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Arthur Ernest Watson[1] (29 February 1880 – 18 September 1969) was a British newspaper editor, known for editing The Daily Telegraph from 1924 to 1950.

Arthur Watson
Born
Arthur Ernest Watson

(1880-02-29)February 29, 1880
DiedSeptember 18, 1969(1969-09-18) (aged 89)
EducationAlleyn's School
Alma materRutherford College of Technology
University of Durham
EmployerThe Daily Telegraph

BiographyEdit

Watson was born in Newcastle upon Tyne on 29 February 1880, the second son of Aaron Watson, author and journalist, and his wife, Phebe. He attended Alleyn's School in Dulwich, Rutherford College of Technology in Newcastle, and Armstrong College of the University of Durham, before entering journalism. After a spell with the Newcastle Daily Leader, he joined the Daily Telegraph in 1902. He was with the newspaper for the remainder of his career, although he served during World War I as an acting Major in the Royal Field Artillery. He became the Telegraph's Assistant Editor in 1923, and was appointed Editor the following year, serving until 1950. He was also active in the Institute of Journalists, and in retirement was the President of the Mitcham and Morden Conservative Association.[2]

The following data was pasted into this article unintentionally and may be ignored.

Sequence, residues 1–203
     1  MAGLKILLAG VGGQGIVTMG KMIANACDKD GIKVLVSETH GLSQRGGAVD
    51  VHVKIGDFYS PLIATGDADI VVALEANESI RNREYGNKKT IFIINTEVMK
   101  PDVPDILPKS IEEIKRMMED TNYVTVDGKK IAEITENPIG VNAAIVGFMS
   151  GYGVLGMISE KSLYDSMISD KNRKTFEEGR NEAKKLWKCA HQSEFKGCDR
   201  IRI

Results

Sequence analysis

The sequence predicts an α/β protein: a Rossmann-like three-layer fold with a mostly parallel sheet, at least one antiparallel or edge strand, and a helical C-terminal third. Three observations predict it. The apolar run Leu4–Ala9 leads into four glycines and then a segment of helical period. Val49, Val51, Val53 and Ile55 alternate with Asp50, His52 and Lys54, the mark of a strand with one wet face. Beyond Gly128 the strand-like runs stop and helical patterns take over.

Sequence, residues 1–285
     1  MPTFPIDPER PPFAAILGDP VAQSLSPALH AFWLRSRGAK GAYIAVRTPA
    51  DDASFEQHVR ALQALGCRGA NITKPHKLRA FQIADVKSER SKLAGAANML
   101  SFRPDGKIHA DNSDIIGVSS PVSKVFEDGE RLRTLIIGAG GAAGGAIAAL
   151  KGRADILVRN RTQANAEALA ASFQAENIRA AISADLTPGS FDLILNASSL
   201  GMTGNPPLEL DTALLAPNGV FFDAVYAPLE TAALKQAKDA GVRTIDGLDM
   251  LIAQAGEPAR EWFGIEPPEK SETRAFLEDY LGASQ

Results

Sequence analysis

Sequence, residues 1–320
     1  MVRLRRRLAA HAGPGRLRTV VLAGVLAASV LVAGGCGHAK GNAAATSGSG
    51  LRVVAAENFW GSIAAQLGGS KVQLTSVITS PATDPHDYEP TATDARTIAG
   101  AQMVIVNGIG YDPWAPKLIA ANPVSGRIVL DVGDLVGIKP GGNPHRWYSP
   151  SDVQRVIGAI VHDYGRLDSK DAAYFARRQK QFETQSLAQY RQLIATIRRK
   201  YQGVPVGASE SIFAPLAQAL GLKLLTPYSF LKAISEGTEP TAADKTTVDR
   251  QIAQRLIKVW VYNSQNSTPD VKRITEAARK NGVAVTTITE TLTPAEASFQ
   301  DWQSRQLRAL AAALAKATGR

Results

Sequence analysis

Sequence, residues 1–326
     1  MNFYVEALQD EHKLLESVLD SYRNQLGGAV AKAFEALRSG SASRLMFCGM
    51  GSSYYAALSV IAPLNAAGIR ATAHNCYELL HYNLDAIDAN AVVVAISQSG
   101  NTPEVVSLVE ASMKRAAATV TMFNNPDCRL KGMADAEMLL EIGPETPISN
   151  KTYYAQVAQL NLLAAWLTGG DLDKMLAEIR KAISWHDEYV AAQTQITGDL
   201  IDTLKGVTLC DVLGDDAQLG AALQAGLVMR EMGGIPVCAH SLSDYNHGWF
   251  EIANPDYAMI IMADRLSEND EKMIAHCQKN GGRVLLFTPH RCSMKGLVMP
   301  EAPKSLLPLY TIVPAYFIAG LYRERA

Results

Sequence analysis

ReferencesEdit

  1. ^ "Watson, Arthur Ernest (1880–1969), journalist and newspaper editor | Oxford Dictionary of National Biography". www.oxforddnb.com. doi:10.1093/ref:odnb/9780198614128.001.0001/odnb-9780198614128-e-36765. Retrieved 2019-04-03.
  2. ^ "WATSON, Arthur E.", Who Was Who
Media offices
Preceded by
Frederick Miller
Editor of The Daily Telegraph
1924–1950
Succeeded by
Colin Coote